Saturday, December 22, 2007

Woodward & Bernstein?

Jim Calhoun is always good for a good (perhaps slightly embellished) story. This week's best story centers on Maine coach Ted Woodward, who was an assistant to Calhoun at UConn from 1986-89.

Only Calhoun's words can do it justice:

"Ted's greatest accomplishment here ... he could do a great impersonation (of an out-of-town journalist) ... you couldn't have a Connecticut reporter call a recruit, because he's always going to say, 'Oh, I really like Connecticut.' And for a Philly reporter, he'd really like Villanova. So, he would become from other places -- either neutral or from the school that we thought was the biggest competition. He was able to impersonate writers -- which some of you do, too, as well as anybody."

Just had to get a shot in at the local media, didn't he?

Anyway, seems this must have violated some sort of NCAA rule back in the day. But, as colleague Mike Anthony pointed out, "It was the Wild, Wild West back then."

Tuesday, December 18, 2007

Price check

(Hey, at least I didn't use "Price is Right" or something like that as a title to this entry. Anyway, here's a follow-up story on A.J. Price that only ran in the print editions of today's New Haven Register)

By David Borges
Register staff
HARTFORD — With only about 3,500 hearty souls filling Hartford Civic Center on Sunday — due mainly to the blizzard-like conditions outside — it was easy for University of Connecticut men’s basketball coach Jim Calhoun to hear his players communicating on the court in their 82-49 win over Quinnipiac.

A.J. Price’s voice resonated louder than all the others.

“You could hear A.J. really running the team,” Calhoun said. “And in huddle situations, he did a nice job.”

Price said he wasn’t necessarily shouting out anything special, just “things they already know that they have to do.” When 7-foot-3 center Hasheem Thabeet would go up for a rebound, for instance, Price would still yell out, “Rebound!” to make sure Thabeet completes the play.

“I’m just trying to be that second voice in these guys’ heads,” Price said.

As one of just three juniors on a team with no seniors, and as the Huskies’ point guard and, arguably, their best player, Price’s decision to step into a vocal leadership role is a welcomed one for Calhoun.

“He’s been trying to get me to do it for a long time. I’ve actually taken a little longer to respond than I should have,” Price said. “Now, things are coming along. (Sunday) was the first day where we were clicking on all cylinders. I think (Sunday) was the beginning of something real special with this team.”

Even though he only scored six points, Price’s fingerprints were all over this game. He dished out nine assists, matching his career high for the third time this season, and turned the ball over just twice. But it was more what he said than what he did.

Tom Moore, who spent the prior 13 seasons as Calhoun’s assistant before taking over the Quinnipiac program this year, noticed more of a swagger from this year’s Huskies compared to a year ago.

“I think A.J. is bringing that to the team,” Calhoun said. “He feels better about himself, and when A.J. feels better about himself, we feel better about ourselves.”

Calhoun added that Price’s confident play is starting to remind him of a former UConn point guard who just so happened to lead the Huskies to their first national title.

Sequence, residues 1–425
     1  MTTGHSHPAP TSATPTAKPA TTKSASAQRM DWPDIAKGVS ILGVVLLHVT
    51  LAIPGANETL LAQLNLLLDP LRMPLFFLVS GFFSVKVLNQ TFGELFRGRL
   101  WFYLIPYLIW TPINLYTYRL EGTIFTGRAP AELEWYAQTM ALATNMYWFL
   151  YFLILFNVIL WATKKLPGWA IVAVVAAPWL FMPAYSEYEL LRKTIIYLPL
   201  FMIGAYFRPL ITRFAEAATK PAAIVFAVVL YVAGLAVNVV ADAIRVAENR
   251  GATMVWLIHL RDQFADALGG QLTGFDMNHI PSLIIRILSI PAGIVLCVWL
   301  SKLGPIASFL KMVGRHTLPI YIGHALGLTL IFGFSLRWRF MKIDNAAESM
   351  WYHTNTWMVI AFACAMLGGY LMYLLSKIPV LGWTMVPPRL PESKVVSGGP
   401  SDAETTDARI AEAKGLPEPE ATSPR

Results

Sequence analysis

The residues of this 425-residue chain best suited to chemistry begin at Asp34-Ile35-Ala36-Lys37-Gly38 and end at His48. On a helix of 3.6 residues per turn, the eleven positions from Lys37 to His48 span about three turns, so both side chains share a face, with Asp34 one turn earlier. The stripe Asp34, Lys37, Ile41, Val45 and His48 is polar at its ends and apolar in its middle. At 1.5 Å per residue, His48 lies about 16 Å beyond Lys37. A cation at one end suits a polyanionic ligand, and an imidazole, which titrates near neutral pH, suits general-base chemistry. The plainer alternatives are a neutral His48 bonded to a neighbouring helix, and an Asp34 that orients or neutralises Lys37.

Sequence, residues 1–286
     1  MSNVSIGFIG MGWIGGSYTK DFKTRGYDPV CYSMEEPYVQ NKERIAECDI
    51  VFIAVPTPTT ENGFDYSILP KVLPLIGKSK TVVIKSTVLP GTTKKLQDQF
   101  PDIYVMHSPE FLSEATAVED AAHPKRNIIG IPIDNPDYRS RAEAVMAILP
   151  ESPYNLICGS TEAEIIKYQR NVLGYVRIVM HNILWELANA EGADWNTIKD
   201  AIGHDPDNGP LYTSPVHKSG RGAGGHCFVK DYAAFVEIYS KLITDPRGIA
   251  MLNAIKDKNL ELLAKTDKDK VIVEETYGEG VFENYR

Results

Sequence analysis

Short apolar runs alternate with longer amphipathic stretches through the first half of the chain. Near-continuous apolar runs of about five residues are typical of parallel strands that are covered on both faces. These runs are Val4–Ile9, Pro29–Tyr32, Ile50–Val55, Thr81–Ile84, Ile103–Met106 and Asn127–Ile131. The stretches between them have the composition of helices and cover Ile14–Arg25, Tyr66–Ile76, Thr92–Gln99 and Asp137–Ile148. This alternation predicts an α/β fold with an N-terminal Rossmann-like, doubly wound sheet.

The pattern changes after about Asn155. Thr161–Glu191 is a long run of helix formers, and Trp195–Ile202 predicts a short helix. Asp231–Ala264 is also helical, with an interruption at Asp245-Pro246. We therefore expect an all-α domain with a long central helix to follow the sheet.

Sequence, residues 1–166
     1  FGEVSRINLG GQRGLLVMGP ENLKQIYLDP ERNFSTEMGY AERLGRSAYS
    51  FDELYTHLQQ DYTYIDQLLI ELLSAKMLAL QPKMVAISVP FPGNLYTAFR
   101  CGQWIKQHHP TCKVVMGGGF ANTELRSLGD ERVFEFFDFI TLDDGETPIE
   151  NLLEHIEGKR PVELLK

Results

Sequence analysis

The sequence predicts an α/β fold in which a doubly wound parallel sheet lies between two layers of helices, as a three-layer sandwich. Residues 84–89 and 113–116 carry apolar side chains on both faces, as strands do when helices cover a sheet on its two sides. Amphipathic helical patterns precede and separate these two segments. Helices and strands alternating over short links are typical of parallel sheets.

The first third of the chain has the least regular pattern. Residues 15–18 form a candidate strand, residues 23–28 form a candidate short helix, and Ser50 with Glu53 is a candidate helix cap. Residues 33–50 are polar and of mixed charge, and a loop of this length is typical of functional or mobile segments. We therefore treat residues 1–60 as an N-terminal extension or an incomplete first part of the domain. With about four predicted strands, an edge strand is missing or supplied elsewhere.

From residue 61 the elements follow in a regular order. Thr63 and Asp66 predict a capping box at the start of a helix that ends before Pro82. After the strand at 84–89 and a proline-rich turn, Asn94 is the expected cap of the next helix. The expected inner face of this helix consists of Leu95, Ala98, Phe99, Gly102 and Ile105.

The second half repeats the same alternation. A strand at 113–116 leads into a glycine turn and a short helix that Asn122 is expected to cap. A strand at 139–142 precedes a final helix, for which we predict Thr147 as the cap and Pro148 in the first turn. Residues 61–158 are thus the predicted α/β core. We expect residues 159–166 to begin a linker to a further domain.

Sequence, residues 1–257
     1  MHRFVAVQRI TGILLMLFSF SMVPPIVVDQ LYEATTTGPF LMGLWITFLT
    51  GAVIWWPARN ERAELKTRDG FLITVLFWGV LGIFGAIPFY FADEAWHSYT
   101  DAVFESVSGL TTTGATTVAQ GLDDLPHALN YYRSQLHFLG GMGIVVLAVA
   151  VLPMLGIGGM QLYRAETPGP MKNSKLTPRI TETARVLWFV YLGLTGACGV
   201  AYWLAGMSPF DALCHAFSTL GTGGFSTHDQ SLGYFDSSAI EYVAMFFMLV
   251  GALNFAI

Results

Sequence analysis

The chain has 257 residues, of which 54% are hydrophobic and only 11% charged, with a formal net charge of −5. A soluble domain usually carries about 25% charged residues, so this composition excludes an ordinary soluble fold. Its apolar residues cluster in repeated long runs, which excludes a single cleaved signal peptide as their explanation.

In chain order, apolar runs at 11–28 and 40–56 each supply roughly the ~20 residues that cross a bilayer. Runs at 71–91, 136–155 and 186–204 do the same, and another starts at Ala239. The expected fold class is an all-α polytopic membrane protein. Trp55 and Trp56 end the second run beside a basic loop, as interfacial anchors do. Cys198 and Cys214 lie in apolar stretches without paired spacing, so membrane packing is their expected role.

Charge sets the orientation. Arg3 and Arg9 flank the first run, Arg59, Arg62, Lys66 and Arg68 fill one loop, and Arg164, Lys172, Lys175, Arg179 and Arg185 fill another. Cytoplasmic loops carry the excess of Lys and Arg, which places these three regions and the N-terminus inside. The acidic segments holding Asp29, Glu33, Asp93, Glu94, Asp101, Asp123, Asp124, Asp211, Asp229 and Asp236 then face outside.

“The guy who walked in here with a swagger and changed that whole thing was Khalid El-Amin,” Calhoun said. “We need someone who feels that way. A.J. has the ability — not to be Khalid, necessarily — but to be on the same level, to be the guy that can kind of command a team to do certain things. I could hear him (Sunday) saying things and doing things. We need a leader on the court, and he provides that leadership.”

Junior forward Jeff Adrien agrees.

“He’s talking out there, leading by example and action, not just by words,” said Adrien, who has been growing into more of a leader himself this season.

Added Price: “Being one of the older guys on the team, it comes with the territory.”

As Price Goes, So Goes UConn

Calhoun brought up another interesting point regarding Price this season: whenever the Huskies have played well, Price has played well. When UConn has played poorly, Price usually hasn’t had a very good game.

“There’s a direct correlation,” Calhoun said. “You can look it up in the notes.” O.K., Coach, let’s do just that.

The Huskies are 7-2, but some of those wins came against relative cupcakes (Florida A&M, Quinnipiac). Conversely, UConn has played fairly well in its two losses, both to Top 20 teams (Memphis and Gonzaga). So, let’s not look at how Price has played in UConn’s wins, but rather in games in which the Huskies have played well: vs. Buffalo, Gardner-Webb (the first time), Memphis, Gonzaga and Quinnipiac.

In those five games, Price has averaged 18.6 points and 5.6 assists and shot 53 percent from the floor. In UConn’s other four games, Price has averaged a mere 4.0 points and shot just 27 percent (though his assist average is at 6.5).

“Guys on this team have told me that plenty of times, that it starts with me,” Price said. “When I come out and play with that certain intensity, the team seems to follow. I’ll come out and play hard every day, they know that, and I think this team will be the same.”

And even on nights when his shots aren’t falling, Price will remain a vocal floor leader.

“That’s something that I will be doing for the rest of the year, definitely,” Price said. “I liked the way we responded as a team (Sunday). Our offense wasn’t great, but our defense was very good. That’s what I remember this team playing like, as a team, defensively. If it takes me screaming the whole game, that’s what I’ll continue to do.”

David Borges may be reached at